I love everything about this time of the year. Icy mornings. Snuggly blankets. Grande cups of coffee goodness. The winter winds warm my heart. I know, it’s weird. I’m complex. You’ll get use to me. Winter in South Africa also means pink lady apples. A crunchy, yummy, bite size vitamin booster. My snack of choice. Obviously. It just feels like every bite of a pink lady apple makes up for last night’s Oreos and Milo. The Oreos were completely involuntary. I plead not guilty. Just putting it out there. Oreos are mean.

I always nibble away at my pink lady apple as a mental break during a work day. So there I was, crunching away when my colleague interrupted me mid-bite. “You know you can eat an apple upside down, right.” As per usual, I replied with a very ladylike “HUH?”. According to him you can eat an apple upside down, core and all, without tasting the core… And all. That way you get in all the nutritious fibres, and don’t waste a perfectly good apple core. My thoughts? Nope.

He continued excitedly. Apparently when you peel an apple pip, it tastes exactly like a raspberry. Fascinating. My thoughts, yet again… Nope. You should know my face has a way of letting me down in the art of hiding feelings. I’ve often said it needs deliverance. When you’re terminally honest, it kind of comes with the territory.

I had no interest in eating an apple core, nor peeling a rasberry-ish-apple pip. As I was about to shake my head, he added “Just try it, it’ll change the way you eat an apple forever.”

There it was. Penny drop.

All too often we’re so content with just eating all around the core. It’s juicy and easy to swallow, but we miss out on all the nutritious goodness of the core and pips.

A good leader once asked me what the main purpose of an apple tree was. The answer? Not to just produce apples, but to produce apple trees. Within every apple core, lies a potential tree. How can we willingly miss out on those trees? How can we pass up the opportunity to chew away at the core, enduring the discomfort and pieces of bitterness, so that a tree can be planted in our hearts?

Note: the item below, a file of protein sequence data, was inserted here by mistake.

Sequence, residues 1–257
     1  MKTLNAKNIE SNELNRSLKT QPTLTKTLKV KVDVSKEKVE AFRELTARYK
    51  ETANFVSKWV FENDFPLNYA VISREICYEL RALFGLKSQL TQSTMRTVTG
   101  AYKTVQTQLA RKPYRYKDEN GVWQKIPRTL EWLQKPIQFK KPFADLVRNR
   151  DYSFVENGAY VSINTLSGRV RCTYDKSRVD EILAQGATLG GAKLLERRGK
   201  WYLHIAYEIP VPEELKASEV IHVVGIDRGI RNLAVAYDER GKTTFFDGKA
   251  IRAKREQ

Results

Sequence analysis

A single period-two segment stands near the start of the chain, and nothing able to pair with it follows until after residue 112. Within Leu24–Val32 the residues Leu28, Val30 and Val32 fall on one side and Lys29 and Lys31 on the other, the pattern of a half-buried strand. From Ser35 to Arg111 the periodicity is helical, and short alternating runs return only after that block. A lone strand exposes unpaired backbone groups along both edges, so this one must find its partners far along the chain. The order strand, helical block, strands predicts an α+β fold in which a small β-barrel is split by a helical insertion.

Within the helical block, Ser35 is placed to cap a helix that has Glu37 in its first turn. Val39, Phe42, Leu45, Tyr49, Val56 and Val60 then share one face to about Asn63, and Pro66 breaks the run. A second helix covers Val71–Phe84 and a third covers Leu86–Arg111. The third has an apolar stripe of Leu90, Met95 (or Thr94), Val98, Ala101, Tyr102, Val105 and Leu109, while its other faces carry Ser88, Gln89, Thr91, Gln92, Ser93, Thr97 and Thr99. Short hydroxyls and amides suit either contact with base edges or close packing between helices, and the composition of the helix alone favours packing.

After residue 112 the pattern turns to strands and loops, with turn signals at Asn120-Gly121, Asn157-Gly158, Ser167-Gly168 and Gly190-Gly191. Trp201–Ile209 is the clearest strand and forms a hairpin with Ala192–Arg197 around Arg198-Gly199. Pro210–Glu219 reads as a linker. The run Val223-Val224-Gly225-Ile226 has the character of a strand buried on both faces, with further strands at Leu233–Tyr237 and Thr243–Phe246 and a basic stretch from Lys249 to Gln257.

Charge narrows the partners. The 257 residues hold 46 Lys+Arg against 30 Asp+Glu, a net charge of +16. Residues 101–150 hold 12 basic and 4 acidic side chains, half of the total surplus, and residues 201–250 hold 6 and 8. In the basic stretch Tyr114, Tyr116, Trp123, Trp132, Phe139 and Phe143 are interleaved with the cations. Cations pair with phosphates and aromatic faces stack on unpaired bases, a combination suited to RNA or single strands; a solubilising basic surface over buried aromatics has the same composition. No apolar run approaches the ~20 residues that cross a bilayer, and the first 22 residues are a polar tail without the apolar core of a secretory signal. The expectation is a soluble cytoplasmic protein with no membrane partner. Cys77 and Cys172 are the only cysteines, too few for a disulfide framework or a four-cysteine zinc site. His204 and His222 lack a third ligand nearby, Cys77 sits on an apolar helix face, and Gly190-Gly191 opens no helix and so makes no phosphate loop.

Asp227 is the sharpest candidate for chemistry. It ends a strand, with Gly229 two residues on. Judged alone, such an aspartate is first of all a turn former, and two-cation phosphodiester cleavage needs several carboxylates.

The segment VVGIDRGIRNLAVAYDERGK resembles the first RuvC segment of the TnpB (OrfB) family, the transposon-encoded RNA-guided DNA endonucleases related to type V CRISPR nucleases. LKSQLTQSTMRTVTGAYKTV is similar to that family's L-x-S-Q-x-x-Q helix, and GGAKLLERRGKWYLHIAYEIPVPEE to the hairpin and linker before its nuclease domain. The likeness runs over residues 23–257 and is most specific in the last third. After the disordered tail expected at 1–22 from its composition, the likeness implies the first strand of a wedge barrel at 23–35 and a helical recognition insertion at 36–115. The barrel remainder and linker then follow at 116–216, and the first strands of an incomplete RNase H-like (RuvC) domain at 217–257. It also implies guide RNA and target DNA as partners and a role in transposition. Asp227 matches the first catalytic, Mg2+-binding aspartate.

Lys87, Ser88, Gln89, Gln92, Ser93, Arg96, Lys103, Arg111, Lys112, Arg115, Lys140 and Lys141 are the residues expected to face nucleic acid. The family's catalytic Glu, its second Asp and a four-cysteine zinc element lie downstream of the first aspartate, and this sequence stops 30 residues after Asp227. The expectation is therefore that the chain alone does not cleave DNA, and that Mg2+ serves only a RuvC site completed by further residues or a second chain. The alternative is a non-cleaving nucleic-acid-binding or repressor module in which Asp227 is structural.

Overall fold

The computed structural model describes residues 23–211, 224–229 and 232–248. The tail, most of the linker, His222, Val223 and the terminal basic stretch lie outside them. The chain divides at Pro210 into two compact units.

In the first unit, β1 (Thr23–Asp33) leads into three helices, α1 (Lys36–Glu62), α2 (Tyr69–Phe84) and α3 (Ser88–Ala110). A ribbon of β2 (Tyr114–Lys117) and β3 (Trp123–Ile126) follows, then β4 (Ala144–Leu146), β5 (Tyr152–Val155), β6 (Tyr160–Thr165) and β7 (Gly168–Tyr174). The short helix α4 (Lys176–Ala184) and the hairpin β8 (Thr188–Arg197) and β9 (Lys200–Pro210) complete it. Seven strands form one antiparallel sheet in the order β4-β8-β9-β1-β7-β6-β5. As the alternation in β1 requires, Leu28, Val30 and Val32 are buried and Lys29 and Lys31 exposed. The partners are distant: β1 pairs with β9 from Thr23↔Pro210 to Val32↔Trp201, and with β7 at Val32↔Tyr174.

See, life is much like a pink lady apple. It’s easy to stick to what we know. To not face the deeper, uncomfortable, and sometimes offensive truths. Jesus said He came to give us life, and life in abundance. That’s the ultimate truth. An abundant life is not complete without the core parts. Those parts plant seeds for future trees.

So,  I want to challenge you to eat the apple upside down. It’ll change your life forever.

Deer Reader…

We all know the feeling. That moment of complete clarity. All at once the world comes to a complete stand still, waiting in silence for the rumoured penny to drop. This is what this blog is all about. A penny.

I’ve always loved creative writing. I love how the written word can transport you to undiscovered worlds, and reveal parts of your spirit you never even knew existed. I live an extraordinary life. Not because of who I am, but because of who my Father is. I’ve experienced many a penny drop because of His grace, and would like to share these pennies with you. You should know that every penny carries a story. Stories of love found, love lost. Stories of victory, of defeat. These stories are real. These stories are mine.

My prayer is that if you’re reading this, you’ll join me on this journey. If there’s something I’ve learnt over the years, it’s that we reside in a poverty stricken world. Not just poverty of the heart, but poverty of the Spirit. And what better means of enriching this world, than one penny at a time.